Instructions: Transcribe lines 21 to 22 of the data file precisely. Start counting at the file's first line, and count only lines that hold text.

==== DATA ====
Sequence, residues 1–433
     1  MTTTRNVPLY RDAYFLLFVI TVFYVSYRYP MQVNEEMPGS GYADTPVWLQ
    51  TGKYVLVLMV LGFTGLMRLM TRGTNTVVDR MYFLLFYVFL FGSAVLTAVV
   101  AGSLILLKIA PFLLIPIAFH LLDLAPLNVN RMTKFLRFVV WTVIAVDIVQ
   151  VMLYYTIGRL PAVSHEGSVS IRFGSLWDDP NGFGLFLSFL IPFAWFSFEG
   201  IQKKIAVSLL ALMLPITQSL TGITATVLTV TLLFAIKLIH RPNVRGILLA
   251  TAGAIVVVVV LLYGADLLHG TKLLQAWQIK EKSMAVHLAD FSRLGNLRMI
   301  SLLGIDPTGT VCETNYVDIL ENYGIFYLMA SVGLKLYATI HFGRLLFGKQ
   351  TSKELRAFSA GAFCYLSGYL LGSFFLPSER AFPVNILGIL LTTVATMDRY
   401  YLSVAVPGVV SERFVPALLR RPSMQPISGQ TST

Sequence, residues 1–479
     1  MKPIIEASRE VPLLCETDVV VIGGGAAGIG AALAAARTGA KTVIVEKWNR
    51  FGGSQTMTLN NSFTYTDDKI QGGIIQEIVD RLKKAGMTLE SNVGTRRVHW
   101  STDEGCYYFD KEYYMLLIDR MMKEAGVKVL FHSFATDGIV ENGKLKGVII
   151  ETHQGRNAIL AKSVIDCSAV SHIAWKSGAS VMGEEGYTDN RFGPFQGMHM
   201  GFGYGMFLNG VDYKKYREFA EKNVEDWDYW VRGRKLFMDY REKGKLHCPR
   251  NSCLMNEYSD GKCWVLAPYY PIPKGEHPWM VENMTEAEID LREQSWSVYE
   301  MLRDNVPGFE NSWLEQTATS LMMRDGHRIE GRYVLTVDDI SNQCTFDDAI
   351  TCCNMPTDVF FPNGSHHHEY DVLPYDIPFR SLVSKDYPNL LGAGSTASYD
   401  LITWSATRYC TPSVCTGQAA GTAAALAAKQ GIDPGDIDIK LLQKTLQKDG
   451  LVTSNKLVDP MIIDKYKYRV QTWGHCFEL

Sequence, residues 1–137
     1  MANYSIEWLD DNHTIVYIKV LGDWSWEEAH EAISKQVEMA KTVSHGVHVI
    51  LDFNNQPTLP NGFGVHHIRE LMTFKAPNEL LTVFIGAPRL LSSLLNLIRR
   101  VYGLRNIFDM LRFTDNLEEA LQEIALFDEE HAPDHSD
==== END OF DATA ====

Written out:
   451  LVTSNKLVDP MIIDKYKYRV QTWGHCFEL

Sequence, residues 1–137